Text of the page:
"Word Clouds" are cool, as well as informative.
We decided to create one for each chapter of my book on historical markers.
Why is King Street so small?
Thought for sure King Street would show up bigger, but now that I think about it, I do recall wondering why there are so very few markers on King Street.
Sure didn’t expect to see:
Authority comes from three sources:
Northern Virginia Regional Park Authority played a major role in restoring the Carlyle House. In fact, they own and operate the house as a museum and its grounds which, despite its small size, is actually a park.
By the late 1960s, the Carlyle House and grounds were in a state of disrepair. The Northern Virginia Regional Park Authority acquired the house in 1970 and began a six year project of research and restoration. The former Civil War hospital, now an aging apartment building, was torn down and the home of John Carlyle was once again revealed. Carlyle House Historic Park opened to the public in January of 1976 as part of the Bicentennial of the American Revolution.
They also own the Bank of Alexandria building.
Bank of Alexandria, Established in 1792, this was the first financial institution authorized by the General Assembly of Virginia. The building was completed in 1807. It is one of the oldest surviving commercial structures in Alexandria and is a fine local example of Federal architecture. The bank listed George Washington as a depositor and stockholder. William Herbert, the son-in-law of John Carlyle, was President from 1796 to 1819. After years of neglect the Northern Virginia Regional Park Authority saved the property from demolition in 1970. The National Historic Register Building was adaptively restored by OTV, Inc, in 1980.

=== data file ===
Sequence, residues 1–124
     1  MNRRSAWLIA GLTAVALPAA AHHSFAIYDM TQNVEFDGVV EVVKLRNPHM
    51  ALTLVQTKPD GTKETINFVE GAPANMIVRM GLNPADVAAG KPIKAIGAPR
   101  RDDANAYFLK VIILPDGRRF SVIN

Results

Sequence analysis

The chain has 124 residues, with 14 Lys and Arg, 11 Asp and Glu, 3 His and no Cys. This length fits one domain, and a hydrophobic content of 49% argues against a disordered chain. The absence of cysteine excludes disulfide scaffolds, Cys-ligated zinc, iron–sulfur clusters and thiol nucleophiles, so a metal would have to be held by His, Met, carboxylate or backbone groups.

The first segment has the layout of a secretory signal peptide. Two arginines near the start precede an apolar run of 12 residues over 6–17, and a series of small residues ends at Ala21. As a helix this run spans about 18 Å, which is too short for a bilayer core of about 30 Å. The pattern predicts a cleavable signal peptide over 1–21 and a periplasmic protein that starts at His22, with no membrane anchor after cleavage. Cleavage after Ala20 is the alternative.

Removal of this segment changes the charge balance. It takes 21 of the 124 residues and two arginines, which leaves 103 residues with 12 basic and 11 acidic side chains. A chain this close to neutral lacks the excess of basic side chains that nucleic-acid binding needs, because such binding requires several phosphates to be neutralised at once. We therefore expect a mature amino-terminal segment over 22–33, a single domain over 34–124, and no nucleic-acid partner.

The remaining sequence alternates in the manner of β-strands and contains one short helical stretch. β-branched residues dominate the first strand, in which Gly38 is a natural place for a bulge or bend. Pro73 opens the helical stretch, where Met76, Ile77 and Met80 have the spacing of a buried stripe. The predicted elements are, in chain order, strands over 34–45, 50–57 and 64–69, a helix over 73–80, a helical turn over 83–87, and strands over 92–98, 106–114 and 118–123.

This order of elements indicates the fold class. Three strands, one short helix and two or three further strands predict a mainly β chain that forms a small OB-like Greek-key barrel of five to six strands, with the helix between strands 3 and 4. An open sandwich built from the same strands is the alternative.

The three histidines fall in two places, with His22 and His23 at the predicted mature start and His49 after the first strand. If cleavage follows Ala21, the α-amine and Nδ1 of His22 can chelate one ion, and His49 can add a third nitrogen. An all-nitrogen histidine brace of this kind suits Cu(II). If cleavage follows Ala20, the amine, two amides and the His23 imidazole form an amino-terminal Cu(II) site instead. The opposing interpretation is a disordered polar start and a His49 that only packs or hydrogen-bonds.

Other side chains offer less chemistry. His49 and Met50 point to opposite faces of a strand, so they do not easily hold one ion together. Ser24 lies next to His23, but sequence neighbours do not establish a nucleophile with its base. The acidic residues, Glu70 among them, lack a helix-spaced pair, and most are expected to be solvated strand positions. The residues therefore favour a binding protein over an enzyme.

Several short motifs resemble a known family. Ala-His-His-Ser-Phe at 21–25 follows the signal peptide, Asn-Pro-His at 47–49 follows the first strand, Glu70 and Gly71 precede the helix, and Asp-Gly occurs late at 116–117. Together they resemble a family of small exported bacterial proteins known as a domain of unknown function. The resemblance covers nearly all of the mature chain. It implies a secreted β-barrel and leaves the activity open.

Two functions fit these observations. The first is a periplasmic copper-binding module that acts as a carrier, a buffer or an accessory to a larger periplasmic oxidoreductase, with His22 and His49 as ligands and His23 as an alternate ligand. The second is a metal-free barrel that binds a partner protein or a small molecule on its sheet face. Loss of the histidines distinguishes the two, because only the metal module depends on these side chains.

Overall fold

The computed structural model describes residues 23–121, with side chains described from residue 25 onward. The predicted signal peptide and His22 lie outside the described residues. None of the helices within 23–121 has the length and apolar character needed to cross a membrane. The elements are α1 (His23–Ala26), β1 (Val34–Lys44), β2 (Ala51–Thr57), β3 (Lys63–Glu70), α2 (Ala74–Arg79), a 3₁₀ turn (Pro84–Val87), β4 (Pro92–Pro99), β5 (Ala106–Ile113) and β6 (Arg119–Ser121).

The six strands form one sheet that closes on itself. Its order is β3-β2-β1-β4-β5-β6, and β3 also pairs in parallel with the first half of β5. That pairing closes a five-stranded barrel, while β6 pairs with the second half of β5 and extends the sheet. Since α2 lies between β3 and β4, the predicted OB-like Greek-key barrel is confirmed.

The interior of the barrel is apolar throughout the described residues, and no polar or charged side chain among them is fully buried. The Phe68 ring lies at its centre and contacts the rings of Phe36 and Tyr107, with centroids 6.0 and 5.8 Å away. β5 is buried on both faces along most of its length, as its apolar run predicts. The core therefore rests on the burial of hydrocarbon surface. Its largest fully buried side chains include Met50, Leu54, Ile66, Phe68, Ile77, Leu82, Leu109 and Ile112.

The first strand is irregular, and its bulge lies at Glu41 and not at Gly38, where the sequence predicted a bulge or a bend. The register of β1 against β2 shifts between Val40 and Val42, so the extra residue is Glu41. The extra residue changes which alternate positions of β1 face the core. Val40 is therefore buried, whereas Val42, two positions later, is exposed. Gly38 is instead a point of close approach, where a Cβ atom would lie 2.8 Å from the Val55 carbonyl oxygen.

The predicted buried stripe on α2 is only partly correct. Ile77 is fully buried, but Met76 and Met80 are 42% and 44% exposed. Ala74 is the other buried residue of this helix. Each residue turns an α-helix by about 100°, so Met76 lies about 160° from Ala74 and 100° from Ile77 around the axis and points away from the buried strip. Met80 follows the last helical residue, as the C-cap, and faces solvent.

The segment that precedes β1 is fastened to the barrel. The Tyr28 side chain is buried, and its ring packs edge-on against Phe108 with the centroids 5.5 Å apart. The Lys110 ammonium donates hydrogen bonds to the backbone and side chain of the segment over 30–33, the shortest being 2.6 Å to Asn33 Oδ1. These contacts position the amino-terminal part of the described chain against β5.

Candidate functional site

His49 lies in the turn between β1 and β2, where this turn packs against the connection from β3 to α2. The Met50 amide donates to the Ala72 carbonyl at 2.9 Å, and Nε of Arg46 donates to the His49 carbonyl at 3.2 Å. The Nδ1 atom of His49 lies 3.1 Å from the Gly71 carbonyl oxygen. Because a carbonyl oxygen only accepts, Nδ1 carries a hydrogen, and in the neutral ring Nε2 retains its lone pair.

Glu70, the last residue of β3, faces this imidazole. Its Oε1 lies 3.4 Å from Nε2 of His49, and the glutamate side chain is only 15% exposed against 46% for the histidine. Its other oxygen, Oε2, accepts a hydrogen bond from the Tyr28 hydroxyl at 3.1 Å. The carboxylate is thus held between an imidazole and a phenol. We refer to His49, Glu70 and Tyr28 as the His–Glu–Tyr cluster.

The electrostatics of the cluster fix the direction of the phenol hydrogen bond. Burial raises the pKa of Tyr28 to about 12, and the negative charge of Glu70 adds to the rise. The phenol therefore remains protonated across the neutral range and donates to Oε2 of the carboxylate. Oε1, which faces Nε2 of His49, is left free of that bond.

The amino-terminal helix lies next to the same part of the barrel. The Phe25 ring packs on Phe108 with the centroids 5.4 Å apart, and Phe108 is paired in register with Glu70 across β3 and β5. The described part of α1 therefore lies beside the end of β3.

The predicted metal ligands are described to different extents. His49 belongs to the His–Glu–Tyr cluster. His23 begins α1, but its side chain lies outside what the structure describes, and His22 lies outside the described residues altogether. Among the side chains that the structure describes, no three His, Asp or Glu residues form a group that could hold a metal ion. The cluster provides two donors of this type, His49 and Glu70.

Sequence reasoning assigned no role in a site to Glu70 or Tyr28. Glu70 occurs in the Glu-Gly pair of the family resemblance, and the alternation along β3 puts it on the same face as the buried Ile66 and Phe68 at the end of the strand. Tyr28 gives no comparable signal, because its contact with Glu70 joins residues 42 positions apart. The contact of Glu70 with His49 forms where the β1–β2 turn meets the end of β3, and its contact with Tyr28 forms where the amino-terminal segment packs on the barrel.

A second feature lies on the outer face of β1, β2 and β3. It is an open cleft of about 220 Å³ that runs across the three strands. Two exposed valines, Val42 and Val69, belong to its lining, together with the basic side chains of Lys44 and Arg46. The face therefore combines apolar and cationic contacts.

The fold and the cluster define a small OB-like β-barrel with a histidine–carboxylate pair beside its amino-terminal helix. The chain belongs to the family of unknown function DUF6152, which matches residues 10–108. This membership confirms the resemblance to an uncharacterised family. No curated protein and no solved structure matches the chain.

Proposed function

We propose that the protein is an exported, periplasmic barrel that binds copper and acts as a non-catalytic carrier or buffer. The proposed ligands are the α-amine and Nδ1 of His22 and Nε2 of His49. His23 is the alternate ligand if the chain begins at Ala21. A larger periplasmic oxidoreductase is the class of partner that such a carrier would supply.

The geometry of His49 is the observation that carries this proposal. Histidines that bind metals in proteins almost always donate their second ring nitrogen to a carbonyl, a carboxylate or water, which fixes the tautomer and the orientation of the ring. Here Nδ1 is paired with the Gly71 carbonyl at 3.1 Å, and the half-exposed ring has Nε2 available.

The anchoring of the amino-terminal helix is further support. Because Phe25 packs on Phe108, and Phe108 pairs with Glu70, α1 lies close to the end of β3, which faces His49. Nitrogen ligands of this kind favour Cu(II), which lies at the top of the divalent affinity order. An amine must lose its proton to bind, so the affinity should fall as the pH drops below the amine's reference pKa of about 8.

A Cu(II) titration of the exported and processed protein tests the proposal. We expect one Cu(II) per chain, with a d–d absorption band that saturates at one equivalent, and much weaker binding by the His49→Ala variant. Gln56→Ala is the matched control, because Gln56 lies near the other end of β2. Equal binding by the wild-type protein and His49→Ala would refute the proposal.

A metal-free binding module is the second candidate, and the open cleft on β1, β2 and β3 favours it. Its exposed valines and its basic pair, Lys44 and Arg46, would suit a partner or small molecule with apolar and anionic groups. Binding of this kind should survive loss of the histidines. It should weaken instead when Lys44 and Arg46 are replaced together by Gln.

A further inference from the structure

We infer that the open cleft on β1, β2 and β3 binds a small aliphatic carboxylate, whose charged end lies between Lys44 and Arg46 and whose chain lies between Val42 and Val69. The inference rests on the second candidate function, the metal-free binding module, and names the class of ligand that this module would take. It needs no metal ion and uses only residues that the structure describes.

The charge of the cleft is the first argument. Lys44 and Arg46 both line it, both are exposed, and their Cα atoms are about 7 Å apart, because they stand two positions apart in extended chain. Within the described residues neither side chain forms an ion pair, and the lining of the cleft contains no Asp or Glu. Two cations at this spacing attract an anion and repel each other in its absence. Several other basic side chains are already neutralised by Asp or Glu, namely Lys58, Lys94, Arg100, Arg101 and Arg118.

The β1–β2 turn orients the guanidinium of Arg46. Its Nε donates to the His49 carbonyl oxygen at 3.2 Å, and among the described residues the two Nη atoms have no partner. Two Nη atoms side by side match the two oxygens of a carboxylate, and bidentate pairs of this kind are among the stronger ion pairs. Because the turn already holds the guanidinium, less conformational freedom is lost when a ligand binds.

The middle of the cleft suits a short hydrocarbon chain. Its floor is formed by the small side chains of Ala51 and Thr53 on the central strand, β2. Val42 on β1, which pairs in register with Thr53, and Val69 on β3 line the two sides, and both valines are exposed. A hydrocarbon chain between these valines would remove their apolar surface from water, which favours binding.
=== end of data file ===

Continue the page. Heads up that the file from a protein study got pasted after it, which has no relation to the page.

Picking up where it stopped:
Owner: Northern Virginia Regional Park Authority
By the way, it never ceases to amaze me how such great buildings as this one were targeted for demolition during urban renewal. I guess it is true. You have to put yourself in the time. Still!
The other source for authority also comes from the Urban Renewal period. Several markers cover the renewal projects - Market Square, Tavern Square, Gadsby Commercial – that leveled the 300-400-500 blocks of King Street.
On these markers members of the Redevelopment & Housing Authority are listed on them, as well as other agencies.
I have to confess to remembering how I chuckled at these markers when I first saw them. They have no informing words – just a long list of names of officialdom.
Paradoxically, no marker covers what was lost here in the 60s. And it was a lot!
The third source for authority is from two markers – the Old Dominion Bank Building and the Fairfax-Moore-Montague House.
Fairfax-Moore-Montague House has been registered as a Virginia Historic Landmark pursuant to the authority vested in the Virginia Board of Historic Resources.
George, John, James and William. No surprises there.
But Charles, other than the distinguished late Mayor, I would not have guessed it.
Charles Watson, Northern Virginia Regional Park Authority.
Charles, an enslaved person at Carlyle House.
Charles Lee, first Collector of Customs in Alexandria (he was famous for other things too).
Charles Beatty Moore, Colonel, Retired (1881-1951).
Now I see the light. She wrote a terrific book in 1949 - "Seaport in Virginia, George Washington's Alexandria." The preface of her book explains how they came to buy that beautiful Georgian brick beauty next to the Antheneum on Prince Street. In 1929 they drove past it, fell in love, and bought it.
The first two pages of her book show a Cartograph by Worth Bailey, another foot soldier in the preservation wars that split the city of Alexandria in half.
We see Market Square and Environs. There's Sharpshin Alley. There's the Sun and the Friendship Fire Companies. There's the Rainbow Inn.
Come on ya'll, we gotta get them in this word cloud...